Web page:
Now I can't make this clear enough, I am not saying it's impossible. I am also not saying that the product could be way to temperamental where a tiny little thing can make it fail that another product wouldn't be affected by the same "mistake."
That being said, as a painter for 20 years at the time I became a paint rep which I did for 4 years in the late ninties, I never saw a product fail like that where there was anything wrong with the product, it was the application.
Now I say that because on a regular basis I was attending to failures where the customer blamed it on the product. It is so common it's crazy to hear terms like "bad batch" and stuff like that. I researched these failures over and over and over, saw everything you can think of and a few that would blow you away they were so damn stupid.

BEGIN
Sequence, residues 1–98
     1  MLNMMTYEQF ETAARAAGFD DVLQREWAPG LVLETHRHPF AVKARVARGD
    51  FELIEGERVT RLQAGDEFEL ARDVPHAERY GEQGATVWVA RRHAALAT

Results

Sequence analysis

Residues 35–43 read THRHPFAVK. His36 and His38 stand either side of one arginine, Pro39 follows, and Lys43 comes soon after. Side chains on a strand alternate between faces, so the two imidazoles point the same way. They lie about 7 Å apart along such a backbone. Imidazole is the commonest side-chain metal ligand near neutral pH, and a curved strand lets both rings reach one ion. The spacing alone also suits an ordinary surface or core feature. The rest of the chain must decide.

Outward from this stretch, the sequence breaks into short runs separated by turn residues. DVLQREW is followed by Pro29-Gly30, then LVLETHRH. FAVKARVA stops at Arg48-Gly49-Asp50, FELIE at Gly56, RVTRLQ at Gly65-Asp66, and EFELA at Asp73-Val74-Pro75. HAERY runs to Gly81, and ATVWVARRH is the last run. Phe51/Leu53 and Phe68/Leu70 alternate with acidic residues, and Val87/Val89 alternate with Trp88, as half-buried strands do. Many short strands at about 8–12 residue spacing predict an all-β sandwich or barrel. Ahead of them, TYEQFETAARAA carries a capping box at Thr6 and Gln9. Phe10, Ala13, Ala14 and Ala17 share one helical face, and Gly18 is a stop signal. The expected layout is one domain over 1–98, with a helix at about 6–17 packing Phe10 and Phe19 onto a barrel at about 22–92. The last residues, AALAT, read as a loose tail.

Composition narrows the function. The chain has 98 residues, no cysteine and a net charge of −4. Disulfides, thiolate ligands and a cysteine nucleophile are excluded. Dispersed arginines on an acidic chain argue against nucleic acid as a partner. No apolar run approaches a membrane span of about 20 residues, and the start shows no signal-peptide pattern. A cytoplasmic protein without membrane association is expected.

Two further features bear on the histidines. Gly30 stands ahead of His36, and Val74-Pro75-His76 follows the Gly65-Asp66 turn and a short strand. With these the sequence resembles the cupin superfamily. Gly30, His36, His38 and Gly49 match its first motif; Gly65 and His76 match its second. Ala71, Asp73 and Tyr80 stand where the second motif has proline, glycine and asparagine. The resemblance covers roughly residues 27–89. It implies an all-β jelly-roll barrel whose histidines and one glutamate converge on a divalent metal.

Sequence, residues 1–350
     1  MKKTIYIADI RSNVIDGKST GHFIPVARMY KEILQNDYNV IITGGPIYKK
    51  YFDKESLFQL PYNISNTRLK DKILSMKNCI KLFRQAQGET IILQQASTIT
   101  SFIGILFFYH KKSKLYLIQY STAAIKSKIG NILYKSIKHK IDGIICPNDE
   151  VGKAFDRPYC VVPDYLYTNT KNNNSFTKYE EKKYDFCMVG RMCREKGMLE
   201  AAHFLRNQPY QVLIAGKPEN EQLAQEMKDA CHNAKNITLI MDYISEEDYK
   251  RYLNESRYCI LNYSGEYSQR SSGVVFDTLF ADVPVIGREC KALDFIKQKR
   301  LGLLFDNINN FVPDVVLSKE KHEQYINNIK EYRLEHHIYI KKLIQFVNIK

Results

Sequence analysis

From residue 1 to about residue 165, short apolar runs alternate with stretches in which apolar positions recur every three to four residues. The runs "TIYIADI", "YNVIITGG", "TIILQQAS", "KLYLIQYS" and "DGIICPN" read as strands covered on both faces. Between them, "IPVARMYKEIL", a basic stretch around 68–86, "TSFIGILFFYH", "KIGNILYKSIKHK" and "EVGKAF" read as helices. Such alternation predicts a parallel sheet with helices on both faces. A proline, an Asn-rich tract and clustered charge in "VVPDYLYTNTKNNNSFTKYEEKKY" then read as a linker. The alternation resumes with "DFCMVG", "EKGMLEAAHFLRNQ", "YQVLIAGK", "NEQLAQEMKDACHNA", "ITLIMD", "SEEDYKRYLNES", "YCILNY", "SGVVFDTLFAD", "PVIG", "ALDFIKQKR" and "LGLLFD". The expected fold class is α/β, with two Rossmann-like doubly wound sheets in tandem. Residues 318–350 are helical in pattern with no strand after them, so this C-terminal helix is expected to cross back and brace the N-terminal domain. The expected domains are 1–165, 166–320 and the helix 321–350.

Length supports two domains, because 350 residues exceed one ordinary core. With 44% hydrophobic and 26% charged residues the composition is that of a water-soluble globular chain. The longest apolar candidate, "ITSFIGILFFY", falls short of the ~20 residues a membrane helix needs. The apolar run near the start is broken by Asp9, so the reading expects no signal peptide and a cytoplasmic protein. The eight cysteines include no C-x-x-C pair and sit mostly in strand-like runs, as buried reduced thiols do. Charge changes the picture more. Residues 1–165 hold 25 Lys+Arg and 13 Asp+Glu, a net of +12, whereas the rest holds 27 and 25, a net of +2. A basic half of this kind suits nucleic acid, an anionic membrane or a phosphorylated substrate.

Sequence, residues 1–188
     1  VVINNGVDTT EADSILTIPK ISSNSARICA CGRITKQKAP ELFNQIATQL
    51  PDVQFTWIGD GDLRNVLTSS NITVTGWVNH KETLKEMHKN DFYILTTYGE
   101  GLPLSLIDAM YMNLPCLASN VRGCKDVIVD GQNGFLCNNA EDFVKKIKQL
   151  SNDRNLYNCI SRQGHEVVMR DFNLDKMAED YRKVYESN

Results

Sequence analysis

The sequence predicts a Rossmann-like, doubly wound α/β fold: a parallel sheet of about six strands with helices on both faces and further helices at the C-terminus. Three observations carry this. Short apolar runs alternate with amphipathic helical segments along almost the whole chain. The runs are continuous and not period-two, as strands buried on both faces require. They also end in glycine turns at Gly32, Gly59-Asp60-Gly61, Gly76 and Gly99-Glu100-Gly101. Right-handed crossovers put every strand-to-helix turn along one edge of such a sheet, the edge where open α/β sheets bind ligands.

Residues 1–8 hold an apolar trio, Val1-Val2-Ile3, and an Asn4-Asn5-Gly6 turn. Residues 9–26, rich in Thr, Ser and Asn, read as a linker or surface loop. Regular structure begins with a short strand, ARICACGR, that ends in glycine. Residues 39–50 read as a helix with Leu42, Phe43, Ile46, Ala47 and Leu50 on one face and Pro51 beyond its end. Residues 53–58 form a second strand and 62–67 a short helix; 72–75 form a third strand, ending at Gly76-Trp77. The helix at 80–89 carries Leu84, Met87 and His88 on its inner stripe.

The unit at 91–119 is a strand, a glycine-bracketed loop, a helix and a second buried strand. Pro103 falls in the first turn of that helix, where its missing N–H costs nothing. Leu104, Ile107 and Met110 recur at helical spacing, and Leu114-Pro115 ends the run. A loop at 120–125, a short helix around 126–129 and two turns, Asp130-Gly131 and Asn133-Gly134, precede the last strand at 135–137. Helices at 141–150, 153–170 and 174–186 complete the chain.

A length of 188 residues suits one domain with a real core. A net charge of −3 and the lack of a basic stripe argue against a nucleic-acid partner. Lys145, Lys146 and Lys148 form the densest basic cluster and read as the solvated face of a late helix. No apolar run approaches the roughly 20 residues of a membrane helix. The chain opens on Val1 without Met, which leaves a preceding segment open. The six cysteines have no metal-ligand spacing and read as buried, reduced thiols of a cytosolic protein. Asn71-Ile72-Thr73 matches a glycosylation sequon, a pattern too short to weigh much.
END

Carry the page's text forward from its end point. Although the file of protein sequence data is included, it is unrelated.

So if you really want to FIX the problem and not simply throw blame, study what you did, study the substrate , study the temp solvent and or catylist used. Study the application, the amount of coats of the primer and the substrate, how much overlap, ANYTHING that can affect the solvent that stays in the film, solvent entrapment is without a doubt the number 1 reason for failure, hands down.
Just some ideas as I know nothing about those products in particular.